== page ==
COVID-19 Response: Leslie Fine, Principal, Leslie Fine Interiors
May 2, 2020
We check in with twelve architects, builders, designers, and suppliers to see how they are managing their staff and their businesses during this incredibly challenging time.
With the coronavirus currently taking over our personal and professional lives, the measures that have been instituted to stop its spread have had a major impact on most businesses, including those of us serving the New England design industry. In times of crisis, we turn to people who have withstood similar circumstances in the past and persevered. We reached out to twelve industry leaders who have led their firms through past crises to share what actions they are taking now, how they will measure the success of their firms over the next twelve months, and how they’re moving forward.
2019 Design Hall of Fame inductee Leslie Fine of Leslie Fine Interiors shares her secrets to keep her business running during the COVID-19 crisis.
Home is going to be more important than ever before. How do we keep consumers engaged now?
One of the upsides of the current situation is that it’s given me the time and flexibility to reach out to not only my current clients by phone or email but also to my past clients just to touch base and see how they are doing. Most of my clients are people I really care about, and, on social media, given the severity of the world situation, I feel uncomfortable just posting my “beautiful room” photos as I normally do. Instead, I have focused on topics that may be of interest to my followers during this time of being homebound. For example, I have offered organization tips, home office ideas, and thoughts about how art enriches our lives and affects our moods.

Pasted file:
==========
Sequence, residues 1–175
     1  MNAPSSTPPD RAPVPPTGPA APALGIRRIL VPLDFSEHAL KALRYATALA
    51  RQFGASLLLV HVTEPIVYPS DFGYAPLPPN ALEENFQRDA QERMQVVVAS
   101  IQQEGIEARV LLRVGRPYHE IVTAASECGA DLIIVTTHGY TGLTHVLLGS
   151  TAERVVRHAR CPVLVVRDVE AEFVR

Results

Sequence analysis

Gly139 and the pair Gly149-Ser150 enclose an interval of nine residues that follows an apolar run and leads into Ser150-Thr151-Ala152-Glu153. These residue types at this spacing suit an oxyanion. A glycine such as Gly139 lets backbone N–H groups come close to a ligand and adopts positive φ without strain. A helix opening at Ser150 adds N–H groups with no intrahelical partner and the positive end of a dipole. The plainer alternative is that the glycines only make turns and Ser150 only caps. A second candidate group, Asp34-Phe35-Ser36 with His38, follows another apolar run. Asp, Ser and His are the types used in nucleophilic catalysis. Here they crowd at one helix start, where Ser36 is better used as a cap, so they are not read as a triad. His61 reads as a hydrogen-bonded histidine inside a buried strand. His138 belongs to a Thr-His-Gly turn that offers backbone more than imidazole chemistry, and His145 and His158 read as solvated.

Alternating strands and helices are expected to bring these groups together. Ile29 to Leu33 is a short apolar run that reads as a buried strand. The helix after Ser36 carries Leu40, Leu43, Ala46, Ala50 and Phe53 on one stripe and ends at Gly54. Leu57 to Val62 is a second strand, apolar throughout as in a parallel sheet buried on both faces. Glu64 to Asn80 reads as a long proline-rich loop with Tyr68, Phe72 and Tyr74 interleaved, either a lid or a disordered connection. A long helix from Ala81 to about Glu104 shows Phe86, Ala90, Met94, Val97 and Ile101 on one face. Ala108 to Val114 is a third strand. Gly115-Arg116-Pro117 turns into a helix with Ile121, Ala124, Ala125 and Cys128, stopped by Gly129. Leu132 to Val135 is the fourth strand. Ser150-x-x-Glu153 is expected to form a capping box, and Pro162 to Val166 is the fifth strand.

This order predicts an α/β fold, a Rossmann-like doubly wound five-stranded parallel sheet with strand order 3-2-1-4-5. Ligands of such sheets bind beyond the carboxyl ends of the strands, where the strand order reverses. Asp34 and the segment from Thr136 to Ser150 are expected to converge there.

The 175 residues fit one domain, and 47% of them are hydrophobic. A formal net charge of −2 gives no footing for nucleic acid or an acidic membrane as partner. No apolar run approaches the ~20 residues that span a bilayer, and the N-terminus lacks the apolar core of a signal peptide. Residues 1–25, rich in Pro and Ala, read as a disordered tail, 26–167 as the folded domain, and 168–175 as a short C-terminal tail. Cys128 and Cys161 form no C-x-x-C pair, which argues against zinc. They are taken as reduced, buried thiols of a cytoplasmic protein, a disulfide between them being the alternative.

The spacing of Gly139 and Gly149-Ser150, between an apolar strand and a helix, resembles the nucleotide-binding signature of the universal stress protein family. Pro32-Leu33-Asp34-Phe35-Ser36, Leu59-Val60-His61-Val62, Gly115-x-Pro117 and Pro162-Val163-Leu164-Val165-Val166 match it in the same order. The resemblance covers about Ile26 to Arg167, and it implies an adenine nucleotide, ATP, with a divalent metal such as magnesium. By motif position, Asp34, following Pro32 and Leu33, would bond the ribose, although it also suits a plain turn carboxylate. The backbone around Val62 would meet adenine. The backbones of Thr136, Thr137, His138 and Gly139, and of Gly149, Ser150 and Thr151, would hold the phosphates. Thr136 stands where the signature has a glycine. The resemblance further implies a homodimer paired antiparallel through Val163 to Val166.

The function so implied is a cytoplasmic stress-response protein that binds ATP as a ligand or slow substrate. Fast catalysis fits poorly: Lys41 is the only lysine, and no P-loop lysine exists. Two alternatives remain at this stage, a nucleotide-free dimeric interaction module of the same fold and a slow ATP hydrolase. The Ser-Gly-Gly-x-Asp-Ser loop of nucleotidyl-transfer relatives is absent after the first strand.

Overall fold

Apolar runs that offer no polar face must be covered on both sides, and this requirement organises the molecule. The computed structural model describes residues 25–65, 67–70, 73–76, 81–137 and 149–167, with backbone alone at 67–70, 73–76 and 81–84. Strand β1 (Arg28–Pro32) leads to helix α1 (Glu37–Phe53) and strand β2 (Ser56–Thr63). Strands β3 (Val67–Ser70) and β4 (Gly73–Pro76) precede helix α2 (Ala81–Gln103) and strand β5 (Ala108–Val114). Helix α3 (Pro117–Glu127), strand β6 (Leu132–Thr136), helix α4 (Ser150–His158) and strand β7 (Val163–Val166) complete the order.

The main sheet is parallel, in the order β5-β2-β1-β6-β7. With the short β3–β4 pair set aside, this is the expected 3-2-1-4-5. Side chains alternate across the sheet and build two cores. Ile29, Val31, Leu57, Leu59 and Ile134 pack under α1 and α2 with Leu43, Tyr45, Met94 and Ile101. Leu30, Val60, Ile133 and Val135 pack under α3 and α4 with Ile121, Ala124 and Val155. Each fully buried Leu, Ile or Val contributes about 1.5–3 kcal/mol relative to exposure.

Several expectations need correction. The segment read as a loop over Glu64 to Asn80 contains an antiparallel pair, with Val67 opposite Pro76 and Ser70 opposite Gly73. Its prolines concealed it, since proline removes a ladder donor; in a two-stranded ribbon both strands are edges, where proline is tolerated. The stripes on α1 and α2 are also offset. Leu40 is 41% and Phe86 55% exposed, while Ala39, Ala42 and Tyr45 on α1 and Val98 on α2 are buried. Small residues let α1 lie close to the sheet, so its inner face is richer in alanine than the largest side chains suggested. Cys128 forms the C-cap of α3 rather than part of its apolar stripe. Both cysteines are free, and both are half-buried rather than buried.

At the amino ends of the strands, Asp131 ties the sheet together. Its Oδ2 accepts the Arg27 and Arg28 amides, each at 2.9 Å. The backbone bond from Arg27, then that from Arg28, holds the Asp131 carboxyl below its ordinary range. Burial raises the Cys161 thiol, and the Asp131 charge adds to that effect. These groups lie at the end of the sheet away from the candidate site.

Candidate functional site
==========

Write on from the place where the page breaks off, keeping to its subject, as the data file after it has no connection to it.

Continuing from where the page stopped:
How are you communicating with your in-house teams and outside vendors?
I have become a wiz on Zoom video conference calls. I recently had a big design presentation with clients over Zoom, which turned out to be quite successful! Of course, nothing is quite like in-person meetings when discussing materials, fabrics, and furnishings, but given the situation, my clients were engaged and excited and were thrilled to see the project moving along.
How will you be defining success in three months, six months, a year?
Three months: factories open up and the current work in process gets completed. Six months: more projects come in the door, and we ramp up to our normal workload. One year: we are back to our normal workload and there is a vaccine for the coronavirus!
Is there something you implemented at your firm in 2008 that worked that you are executing again?
Back in 2008, when projects came to a standstill and new work stopped, I kept forging ahead with marketing my business and promoting my brand. By doing so, I positioned my business so that when work began to flow, clients sought out my firm. It’s important to promote one’s business in the bad times as well as the good times.
How are you thinking about cash flow management differently now than in more normal times?
Honestly, I’m not thinking about cash flow any differently now than I do in good times. I’ve always felt strongly about running a strong, successful business from a financial point of view, which means keeping staff and overhead as efficient and lean as possible, and maintaining a healthy balance in the checking and savings accounts in the event that unexpected events occur.
Are there different cost-saving strategies you are leaning on regarding staff, overhead, and discretionary spending?
One positive idea that will come out of the current situation is the realization that much work can be done remotely, and that you don’t necessarily need a large physical office space to function well.
How do you ensure your “all of a sudden” remote workforce remains motivated and productive?
I am trying to touch base with my staff regularly (sometimes several times a day by phone and email) and by including them in on video conference calls (even if it may not be totally necessary for them to be on the call) so that there is a constant flow of information and engagement.